Formula 1 News: Lewis Hamilton Admits Radio Ban Will Prove Tough

Formula 1 News: Lewis Hamilton Admits Radio Ban Will Prove Tough
F1 – Mercedes – Lewis Hamilton Jake Archibald / Flickr CC BY 2.0

As the 2016 Formula 1 Rolex Australian Grand Prix in Melbourne gets closer and closer, reigning Formula 1 champion Lewis Hamilton admits the race will be tougher with the new radio communication ban in place.


The whole point of limiting the radio communication between drivers and their crews throughout the race is to give the driver greater influence and control on the outcome of every race. It will make every driver more “self-reliant.” However, Hamilton believes the new rule will also make things “ a lot harder” for all Formula 1 drivers.

“It’s a big change and whether or not I agree with all of the implications I think it’s definitely going to make it a lot harder,” Hamilton explains. He also said that the new radio communication ban would having to “memorise a lot more things” and figuring out to ways to “try to remember them.” It may even possible that he’ll sue stickers on the car’s steering wheel.

Meanwhile Mercedes AMG Petronas team boss Toto Wolff seems to have the same sentiments regarding the new rule. According to, he says that with the ban, drivers will be more prone to make mistakes and even, wrong strategic decisions. With regard to his team, he also believes that the radio communication ban will only serve to intensify the already tense rivalry between his drivers, Hamilton and Nico Rosberg. For Wolff, not being to relay much to the drivers on the radio will mean that “direct competition between the two is guaranteed and will be more intense.”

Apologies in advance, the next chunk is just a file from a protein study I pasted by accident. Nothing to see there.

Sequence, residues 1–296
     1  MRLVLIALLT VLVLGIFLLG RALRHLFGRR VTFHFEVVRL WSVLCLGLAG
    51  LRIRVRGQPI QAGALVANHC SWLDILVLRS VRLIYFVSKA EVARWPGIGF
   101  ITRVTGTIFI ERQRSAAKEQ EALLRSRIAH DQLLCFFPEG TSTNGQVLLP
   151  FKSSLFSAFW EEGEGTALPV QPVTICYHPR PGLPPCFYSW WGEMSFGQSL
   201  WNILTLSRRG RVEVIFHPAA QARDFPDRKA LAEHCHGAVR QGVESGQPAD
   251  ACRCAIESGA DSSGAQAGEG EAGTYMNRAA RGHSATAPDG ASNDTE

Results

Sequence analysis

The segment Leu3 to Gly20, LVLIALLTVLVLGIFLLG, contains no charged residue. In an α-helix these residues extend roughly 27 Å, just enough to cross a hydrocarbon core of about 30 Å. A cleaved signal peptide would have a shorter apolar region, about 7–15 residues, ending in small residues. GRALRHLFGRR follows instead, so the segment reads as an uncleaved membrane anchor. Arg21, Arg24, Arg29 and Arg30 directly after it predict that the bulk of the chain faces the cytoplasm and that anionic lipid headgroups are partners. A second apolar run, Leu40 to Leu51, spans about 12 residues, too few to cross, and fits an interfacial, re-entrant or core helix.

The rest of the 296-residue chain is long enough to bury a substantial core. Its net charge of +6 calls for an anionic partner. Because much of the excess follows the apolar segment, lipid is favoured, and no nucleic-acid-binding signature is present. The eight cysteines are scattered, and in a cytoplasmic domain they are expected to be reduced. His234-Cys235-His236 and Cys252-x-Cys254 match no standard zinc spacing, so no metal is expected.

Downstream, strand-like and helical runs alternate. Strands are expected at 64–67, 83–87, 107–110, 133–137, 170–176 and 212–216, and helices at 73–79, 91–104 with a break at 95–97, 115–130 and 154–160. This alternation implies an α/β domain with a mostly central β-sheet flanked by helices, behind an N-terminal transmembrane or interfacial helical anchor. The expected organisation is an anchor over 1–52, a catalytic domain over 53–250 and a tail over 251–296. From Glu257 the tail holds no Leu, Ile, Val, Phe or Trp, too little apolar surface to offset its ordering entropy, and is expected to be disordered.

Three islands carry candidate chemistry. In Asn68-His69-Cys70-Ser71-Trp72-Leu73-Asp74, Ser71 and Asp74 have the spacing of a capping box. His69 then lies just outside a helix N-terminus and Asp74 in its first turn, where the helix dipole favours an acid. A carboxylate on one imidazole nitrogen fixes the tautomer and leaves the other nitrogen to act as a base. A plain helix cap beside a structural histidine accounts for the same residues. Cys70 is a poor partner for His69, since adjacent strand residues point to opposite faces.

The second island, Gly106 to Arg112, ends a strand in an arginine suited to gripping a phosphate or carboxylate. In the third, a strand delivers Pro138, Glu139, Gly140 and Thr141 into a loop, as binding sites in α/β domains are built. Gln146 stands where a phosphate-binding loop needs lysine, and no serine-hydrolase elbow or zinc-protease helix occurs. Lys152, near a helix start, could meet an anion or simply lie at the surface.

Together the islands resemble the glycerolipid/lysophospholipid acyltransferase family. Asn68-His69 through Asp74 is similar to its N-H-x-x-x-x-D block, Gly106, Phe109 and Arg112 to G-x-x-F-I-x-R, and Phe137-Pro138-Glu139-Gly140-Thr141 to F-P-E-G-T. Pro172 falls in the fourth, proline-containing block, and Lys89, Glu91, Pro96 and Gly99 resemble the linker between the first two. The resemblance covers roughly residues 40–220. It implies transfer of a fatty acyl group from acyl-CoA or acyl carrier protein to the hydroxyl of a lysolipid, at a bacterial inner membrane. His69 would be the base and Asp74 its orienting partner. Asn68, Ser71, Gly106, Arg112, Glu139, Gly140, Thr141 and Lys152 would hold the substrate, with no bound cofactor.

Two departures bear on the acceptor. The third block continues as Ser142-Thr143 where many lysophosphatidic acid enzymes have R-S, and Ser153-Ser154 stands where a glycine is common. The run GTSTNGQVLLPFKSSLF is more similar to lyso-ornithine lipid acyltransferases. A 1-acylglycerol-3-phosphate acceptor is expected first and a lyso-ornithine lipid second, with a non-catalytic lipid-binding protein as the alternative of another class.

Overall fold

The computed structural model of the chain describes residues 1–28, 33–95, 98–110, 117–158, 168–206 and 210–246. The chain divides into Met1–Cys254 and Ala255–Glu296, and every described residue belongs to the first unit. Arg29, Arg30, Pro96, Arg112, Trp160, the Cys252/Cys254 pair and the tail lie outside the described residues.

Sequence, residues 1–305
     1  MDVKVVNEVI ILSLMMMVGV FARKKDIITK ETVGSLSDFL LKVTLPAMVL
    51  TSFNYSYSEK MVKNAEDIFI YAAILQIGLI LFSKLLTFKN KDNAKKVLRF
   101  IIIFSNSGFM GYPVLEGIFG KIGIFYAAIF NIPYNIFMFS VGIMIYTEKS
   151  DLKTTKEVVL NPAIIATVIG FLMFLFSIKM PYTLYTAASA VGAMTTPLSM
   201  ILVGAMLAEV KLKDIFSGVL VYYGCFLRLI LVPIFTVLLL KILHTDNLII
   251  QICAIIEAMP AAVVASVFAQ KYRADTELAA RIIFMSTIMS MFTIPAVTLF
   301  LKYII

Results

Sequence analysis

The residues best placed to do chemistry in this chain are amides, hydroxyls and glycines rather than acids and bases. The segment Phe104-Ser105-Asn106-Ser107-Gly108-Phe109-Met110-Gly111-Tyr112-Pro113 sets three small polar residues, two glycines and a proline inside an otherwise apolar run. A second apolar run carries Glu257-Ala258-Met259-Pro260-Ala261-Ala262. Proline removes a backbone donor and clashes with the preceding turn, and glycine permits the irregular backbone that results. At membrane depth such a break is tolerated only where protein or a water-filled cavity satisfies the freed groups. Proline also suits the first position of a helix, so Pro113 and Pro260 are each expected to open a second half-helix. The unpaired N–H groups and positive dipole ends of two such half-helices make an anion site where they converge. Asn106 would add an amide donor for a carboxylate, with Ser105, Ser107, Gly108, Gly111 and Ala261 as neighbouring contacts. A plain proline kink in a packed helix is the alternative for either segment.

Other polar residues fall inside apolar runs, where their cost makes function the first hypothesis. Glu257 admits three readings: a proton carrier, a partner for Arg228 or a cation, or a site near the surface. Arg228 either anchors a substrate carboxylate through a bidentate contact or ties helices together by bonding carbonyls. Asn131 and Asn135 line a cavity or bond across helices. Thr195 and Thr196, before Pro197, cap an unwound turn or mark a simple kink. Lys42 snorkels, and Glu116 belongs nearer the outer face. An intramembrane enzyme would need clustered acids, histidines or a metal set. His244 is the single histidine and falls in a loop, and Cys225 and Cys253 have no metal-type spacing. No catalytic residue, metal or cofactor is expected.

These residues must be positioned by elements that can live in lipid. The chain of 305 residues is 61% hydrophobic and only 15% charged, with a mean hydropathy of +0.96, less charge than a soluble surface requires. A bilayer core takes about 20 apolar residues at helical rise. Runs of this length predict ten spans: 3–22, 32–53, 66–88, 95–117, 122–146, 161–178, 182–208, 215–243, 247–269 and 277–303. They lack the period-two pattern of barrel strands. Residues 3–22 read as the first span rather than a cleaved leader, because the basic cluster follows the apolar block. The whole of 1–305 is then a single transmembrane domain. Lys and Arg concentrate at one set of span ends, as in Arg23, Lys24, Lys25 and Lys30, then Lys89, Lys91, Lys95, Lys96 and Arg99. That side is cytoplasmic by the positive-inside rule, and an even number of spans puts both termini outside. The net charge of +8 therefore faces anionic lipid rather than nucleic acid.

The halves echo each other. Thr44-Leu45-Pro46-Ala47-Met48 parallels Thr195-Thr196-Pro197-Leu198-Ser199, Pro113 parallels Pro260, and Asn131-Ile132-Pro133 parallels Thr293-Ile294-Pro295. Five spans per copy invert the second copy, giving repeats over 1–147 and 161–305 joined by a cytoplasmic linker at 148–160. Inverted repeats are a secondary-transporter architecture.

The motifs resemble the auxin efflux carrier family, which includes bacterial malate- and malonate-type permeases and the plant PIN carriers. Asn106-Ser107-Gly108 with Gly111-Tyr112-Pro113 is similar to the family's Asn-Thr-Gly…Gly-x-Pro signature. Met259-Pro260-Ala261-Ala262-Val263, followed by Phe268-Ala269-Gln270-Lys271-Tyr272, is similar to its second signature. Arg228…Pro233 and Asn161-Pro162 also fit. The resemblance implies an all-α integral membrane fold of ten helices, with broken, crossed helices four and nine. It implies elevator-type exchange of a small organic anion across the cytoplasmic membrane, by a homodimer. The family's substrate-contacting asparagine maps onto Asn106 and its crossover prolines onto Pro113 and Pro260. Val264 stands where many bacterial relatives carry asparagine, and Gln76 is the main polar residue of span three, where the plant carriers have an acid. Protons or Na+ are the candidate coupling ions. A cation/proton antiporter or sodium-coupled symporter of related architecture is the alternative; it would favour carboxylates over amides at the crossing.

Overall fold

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Recently, Formula 1 announced that there will be a limit on radio communications in order “to make things less predictable and to introduce the possibility of human error.” What is still allowed to be communicated on the track during the race, however, are communications pertaining to track conditions, track dangers, critical car problems, problems in rival cars, marshalling flags, race cessations and instructions received from race control regarding the driver.

However, teams will no longer be allowed to instruct the driver to run through the pit lane, discuss car balance, switch it off, conduct radio check or go to the back of the grid.

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